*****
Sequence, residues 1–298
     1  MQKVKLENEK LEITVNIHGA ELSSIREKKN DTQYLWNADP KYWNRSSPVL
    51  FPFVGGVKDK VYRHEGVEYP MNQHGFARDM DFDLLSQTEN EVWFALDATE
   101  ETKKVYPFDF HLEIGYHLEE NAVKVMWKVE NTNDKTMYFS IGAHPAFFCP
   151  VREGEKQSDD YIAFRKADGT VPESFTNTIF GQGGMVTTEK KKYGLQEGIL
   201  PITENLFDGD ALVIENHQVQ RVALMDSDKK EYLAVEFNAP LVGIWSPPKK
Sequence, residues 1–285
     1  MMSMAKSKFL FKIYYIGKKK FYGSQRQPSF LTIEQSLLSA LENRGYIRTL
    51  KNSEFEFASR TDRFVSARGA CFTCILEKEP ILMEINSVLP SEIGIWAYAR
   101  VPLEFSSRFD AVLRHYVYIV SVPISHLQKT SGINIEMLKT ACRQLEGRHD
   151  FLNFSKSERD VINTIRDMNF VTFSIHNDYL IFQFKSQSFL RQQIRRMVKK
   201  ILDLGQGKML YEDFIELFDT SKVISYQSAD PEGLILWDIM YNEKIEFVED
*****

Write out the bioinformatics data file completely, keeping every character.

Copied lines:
Sequence, residues 1–298
     1  MQKVKLENEK LEITVNIHGA ELSSIREKKN DTQYLWNADP KYWNRSSPVL
    51  FPFVGGVKDK VYRHEGVEYP MNQHGFARDM DFDLLSQTEN EVWFALDATE
   101  ETKKVYPFDF HLEIGYHLEE NAVKVMWKVE NTNDKTMYFS IGAHPAFFCP
   151  VREGEKQSDD YIAFRKADGT VPESFTNTIF GQGGMVTTEK KKYGLQEGIL
   201  PITENLFDGD ALVIENHQVQ RVALMDSDKK EYLAVEFNAP LVGIWSPPKK
Sequence, residues 1–285
     1  MMSMAKSKFL FKIYYIGKKK FYGSQRQPSF LTIEQSLLSA LENRGYIRTL
    51  KNSEFEFASR TDRFVSARGA CFTCILEKEP ILMEINSVLP SEIGIWAYAR
   101  VPLEFSSRFD AVLRHYVYIV SVPISHLQKT SGINIEMLKT ACRQLEGRHD
   151  FLNFSKSERD VINTIRDMNF VTFSIHNDYL IFQFKSQSFL RQQIRRMVKK
   201  ILDLGQGKML YEDFIELFDT SKVISYQSAD PEGLILWDIM YNEKIEFVED